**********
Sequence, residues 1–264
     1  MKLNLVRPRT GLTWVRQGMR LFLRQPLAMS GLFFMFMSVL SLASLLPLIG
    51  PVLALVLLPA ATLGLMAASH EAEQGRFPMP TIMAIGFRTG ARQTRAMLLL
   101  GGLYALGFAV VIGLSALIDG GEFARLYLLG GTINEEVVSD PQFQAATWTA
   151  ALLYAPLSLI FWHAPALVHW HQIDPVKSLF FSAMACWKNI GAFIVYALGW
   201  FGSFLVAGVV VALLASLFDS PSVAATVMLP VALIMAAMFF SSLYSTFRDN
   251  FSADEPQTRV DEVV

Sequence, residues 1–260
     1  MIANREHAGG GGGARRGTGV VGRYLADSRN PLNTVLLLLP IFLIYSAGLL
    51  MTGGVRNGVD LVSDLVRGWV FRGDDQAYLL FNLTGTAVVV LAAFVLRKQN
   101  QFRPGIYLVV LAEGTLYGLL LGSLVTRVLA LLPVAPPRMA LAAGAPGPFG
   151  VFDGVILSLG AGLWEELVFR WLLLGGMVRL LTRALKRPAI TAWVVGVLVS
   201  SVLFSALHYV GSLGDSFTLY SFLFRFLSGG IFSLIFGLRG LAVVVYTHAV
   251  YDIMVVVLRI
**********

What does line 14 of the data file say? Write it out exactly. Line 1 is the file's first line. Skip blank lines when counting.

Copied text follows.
   251  YDIMVVVLRI